Disclaimer: All publicly recognizable characters, settings, etc. are the property of their respective owners. The original characters and plot are the property of the author. The author is in no way associated with the owners, creators, or producers of any media franchise. No copyright infringement is intended.

Author's Note: I confess that I am tantalized by the possibility of Midnight Sun, and hope the book comes to fruition - toying with those ideas of Edward's POV during Twilight popped this little short piece into being.

Still Life in Amber

The shores of Lake Michigan are deserted, the gusts of cold February wind blowing off the water and pushing away those who would linger at the water's edge on this overcast morning.

But cold doesn't bother me, so I remain, still as a statue as I watch the whitecaps cresting further out before looking back at the city.

My city. Chicago. Where I had lived.

And died.

I shove my hands in my pockets as I start up the hill, the white columns flanking the front of the Field Museum looming before me as markers to my destination, the weight of a thousand memories swirling through my brain as it always did when I came to this place.

Chicago at the turn of the last century was a magical place for a child. The Paris of the Prairie. Its fa├žade of gentility sometimes wore thin over the mud and muck and stench of the stockyards that formed its underbelly, but sheltered by my parents from those harsh realties, I only saw the beauties and wonders of the city back then.

My world was carefully managed, the treasured only son of two adoring parents. Though not the wealthiest in Chicago, my parents were quite comfortable as my father had enjoyed more than a small measure of success at the prominent architecture firm where he worked. He was a Yale man, and I always knew he had high hopes that I too would matriculate there when the time came.

My mother, beautiful and charming, was the life of the parties my parents were fond of hosting. Even now, I can still recall the sound of her laughter ringing out as I perched at the top of the steps, listening to the music and chatter of people below. But the best moments were when she would slip away, stealing up the steps to pick me up and tuck me into bed, her sweet scent and soft skin lulling me as she hugged me close and wished me to dreamland.

She gave me her love of music as well, the lilting strains of the piano she would play for me, her hands flying across the keys, urging me to mimic them. I could spend hours in rapt absorption in front of the grand piano that held a place of honor in our home.

I think my mother would have liked for me to become a musician, a composer or conductor of a symphony perhaps, though I cycled through future professions with the speed of any boy, architect like my father, an archeologist who discovered old ruins, one of the police officers who whistled as he strolled through our neighborhood, twirling his nightstick. Neither of us could have dreamed what I would become, of course. Sometimes, in the darkest hours of the night when things are quietest and I ache for the oblivion that sleep brings, I ponder whether she would be proud or disappointed with how I've lived the existence dealt me. I've never been sure of that answer.

I pause in my climb to take in the soaring skyline again. So many new buildings, so different than the skyline looked back then, even with Chicago's claim to the world's tallest building - a structure that today would be dwarfed by these new masterpieces of steel and glass. My father would have been enthralled to see there edifices, but I feel nostalgic for those old buildings. The house I grew up in, the ivy covered school I attended, that small theatre I would haunt to see films, all long torn down and replaced with something newer, sleeker, more up to date.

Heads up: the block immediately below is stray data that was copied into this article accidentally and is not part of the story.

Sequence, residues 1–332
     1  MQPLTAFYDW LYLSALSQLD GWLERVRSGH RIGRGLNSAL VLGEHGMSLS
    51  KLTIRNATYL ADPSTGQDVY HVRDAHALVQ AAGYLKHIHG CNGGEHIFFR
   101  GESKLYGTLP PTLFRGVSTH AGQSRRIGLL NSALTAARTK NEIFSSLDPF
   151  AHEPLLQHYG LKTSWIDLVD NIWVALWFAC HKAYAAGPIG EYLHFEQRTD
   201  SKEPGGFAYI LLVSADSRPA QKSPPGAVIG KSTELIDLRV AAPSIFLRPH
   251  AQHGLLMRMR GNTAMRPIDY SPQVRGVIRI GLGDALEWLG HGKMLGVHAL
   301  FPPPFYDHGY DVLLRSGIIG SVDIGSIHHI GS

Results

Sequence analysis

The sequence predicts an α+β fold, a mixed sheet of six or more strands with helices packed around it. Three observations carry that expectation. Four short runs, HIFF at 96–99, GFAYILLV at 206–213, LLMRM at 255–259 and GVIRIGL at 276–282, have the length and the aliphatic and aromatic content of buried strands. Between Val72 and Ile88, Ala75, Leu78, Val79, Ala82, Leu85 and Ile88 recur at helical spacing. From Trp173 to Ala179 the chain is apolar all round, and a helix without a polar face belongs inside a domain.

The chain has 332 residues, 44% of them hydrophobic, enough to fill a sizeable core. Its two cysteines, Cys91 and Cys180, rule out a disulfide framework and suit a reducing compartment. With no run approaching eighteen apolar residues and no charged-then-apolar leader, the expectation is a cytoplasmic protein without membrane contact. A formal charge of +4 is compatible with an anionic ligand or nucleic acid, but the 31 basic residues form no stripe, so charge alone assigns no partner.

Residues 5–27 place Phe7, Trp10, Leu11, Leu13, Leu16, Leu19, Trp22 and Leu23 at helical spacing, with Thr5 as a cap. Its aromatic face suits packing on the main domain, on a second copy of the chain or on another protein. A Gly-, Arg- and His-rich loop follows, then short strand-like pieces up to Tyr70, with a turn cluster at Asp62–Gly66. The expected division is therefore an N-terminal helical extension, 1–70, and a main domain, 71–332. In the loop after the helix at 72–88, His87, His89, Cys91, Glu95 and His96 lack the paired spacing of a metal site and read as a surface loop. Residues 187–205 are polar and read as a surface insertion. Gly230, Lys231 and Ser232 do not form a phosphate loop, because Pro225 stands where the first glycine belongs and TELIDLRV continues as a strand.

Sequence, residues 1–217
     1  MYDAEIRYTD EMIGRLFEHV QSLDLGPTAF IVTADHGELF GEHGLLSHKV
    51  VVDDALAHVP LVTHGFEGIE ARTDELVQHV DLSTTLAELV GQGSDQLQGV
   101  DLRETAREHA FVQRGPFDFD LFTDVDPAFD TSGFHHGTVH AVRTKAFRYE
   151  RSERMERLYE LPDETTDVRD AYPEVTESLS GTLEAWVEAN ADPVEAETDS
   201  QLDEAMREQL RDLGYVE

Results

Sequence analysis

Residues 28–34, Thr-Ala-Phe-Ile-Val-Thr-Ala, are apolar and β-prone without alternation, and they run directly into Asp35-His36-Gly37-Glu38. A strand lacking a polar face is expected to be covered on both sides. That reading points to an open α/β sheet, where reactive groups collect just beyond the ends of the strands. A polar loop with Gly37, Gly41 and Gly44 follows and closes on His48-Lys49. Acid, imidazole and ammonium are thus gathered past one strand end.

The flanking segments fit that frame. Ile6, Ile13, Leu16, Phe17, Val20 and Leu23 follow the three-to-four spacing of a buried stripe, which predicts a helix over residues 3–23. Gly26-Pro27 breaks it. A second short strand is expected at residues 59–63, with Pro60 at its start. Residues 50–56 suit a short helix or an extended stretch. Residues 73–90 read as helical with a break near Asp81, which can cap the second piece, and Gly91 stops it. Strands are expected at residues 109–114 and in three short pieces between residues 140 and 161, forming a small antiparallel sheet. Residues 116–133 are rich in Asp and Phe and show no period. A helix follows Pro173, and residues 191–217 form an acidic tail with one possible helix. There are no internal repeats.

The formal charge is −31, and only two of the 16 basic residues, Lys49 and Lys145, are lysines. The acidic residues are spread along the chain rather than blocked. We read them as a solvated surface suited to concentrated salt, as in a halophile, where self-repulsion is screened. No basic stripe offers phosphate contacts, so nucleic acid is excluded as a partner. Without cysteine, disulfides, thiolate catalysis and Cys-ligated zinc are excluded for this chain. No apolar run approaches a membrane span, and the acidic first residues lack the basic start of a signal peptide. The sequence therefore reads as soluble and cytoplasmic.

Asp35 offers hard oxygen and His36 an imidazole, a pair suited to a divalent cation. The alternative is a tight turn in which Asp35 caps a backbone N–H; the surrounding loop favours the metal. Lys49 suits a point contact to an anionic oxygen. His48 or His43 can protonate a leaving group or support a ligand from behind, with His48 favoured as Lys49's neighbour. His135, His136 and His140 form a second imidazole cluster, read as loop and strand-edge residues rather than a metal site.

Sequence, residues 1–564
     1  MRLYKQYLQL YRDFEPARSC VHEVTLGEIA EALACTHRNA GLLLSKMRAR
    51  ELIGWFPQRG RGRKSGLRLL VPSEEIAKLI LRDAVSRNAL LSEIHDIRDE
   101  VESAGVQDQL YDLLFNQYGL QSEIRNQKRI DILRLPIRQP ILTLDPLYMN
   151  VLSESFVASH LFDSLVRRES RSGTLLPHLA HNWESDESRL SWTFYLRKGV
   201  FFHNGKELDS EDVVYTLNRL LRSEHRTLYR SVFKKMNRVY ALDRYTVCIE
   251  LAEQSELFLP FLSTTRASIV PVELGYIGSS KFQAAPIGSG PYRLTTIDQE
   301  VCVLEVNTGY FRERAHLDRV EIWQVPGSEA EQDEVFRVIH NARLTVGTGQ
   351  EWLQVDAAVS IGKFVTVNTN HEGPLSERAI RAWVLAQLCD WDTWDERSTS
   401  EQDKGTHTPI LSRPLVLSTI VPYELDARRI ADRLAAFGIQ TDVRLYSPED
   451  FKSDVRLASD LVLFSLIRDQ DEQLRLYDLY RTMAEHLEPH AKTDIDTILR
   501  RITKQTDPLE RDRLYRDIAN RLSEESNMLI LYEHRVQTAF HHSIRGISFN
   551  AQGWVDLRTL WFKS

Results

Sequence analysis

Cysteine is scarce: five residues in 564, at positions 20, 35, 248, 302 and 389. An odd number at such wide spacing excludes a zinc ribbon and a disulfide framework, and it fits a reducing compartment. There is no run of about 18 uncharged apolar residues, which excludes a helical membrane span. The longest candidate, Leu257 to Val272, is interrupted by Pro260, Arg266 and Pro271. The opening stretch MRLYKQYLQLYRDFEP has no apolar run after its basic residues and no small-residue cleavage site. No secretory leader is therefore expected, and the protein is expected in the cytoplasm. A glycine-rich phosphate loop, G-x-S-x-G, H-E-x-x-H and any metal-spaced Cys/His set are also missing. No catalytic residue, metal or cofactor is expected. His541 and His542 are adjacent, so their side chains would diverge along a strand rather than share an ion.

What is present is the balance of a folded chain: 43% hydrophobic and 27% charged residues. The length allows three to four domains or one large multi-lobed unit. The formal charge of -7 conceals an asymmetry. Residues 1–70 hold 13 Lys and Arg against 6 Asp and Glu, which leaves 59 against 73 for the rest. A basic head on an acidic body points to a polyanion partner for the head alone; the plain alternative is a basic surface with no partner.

Yet I remain the same. Forever adolescent. Forever seventeen.

I resume my walk, still lost in that other time. Coming here did that somehow, pulled me back to my short prelude of life. The Great War had been raging for two years by the time I turned fifteen, though the United States still resisted involvement. I saw the headlines, heard the debates between my father and his friends, but had few feelings about the conflict an ocean away that seemed remote to my small universe.

And then in an instant, that all changed. Nearly a century later, I still can vividly recall the day I snuck away from school early with my pal William to see one of the new moving pictures that had become all the rage. Those flickering, grainy images bounced on the screen, showing the exploits of the Lafayette Escadrille as their planes swooped through the air, landing across a field, and spilling out a group of Americans, volunteers all, laughing and grinning at the camera. Only a few years older than me, they were there, in the heart of the action, fighting the fight and flying those magnificent machines.

I was captivated by those images. The speed, the space, the glory - from that moment on, I wanted nothing more than to be a soldier, and not just any soldier, but a fighter pilot. I read every newspaper article I could find, and was always on the lookout for a new reel of frames of those planes soaring through the air, desperate to be of age to join up before the war was over. My mother and father were horrified.

By the next year, as hostilities worsened and the news of the Zimmerman telegram increased support for involvement, I began to hope that perhaps I would have my chance after all as the months slipped away and the United States officially entered the war. I has promised my mother I would do nothing before I was eighteen, no rash escapes in the dark of night to run away and enlist, and she knew that I would keep my word to her. But I grew impatient with the mundaneness of my schoolwork and the carefully coiffed delicate girls, daughters of my mother's friends who were politely presented to me at cotillions in the hope of some distraction from my soldier's quest.

I wanted nothing more than to fly.

Another year slipped away while I plotted and planned my strategy to enlist, unaware that there was a deadlier enemy on the horizon. The summer of 1918 was warm and stifling, as though the air has settled over the city and been trapped under a giant dome, allowing little relief to those in the sweltering streets. The first cases were reported in April, and by July, the ravages of the Spanish flu had turned the summer months normally devoted to parties and picnics into a nightmare of death and decay.